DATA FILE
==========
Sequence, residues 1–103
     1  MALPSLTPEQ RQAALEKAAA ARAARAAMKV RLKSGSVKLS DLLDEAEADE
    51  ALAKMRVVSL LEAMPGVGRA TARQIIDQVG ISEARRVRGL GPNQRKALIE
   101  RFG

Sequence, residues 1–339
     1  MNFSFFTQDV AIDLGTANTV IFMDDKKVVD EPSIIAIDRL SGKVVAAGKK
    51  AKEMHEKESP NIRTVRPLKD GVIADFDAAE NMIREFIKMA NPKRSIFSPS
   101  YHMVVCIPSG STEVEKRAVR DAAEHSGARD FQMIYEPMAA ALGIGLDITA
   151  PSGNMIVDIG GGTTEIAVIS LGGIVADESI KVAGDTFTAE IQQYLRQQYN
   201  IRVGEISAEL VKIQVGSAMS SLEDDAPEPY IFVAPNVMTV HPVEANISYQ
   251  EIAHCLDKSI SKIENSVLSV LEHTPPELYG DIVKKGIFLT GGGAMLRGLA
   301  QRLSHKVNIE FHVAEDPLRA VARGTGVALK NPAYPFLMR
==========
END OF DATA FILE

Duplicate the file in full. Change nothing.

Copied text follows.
Sequence, residues 1–103
     1  MALPSLTPEQ RQAALEKAAA ARAARAAMKV RLKSGSVKLS DLLDEAEADE
    51  ALAKMRVVSL LEAMPGVGRA TARQIIDQVG ISEARRVRGL GPNQRKALIE
   101  RFG

Sequence, residues 1–339
     1  MNFSFFTQDV AIDLGTANTV IFMDDKKVVD EPSIIAIDRL SGKVVAAGKK
    51  AKEMHEKESP NIRTVRPLKD GVIADFDAAE NMIREFIKMA NPKRSIFSPS
   101  YHMVVCIPSG STEVEKRAVR DAAEHSGARD FQMIYEPMAA ALGIGLDITA
   151  PSGNMIVDIG GGTTEIAVIS LGGIVADESI KVAGDTFTAE IQQYLRQQYN
   201  IRVGEISAEL VKIQVGSAMS SLEDDAPEPY IFVAPNVMTV HPVEANISYQ
   251  EIAHCLDKSI SKIENSVLSV LEHTPPELYG DIVKKGIFLT GGGAMLRGLA
   301  QRLSHKVNIE FHVAEDPLRA VARGTGVALK NPAYPFLMR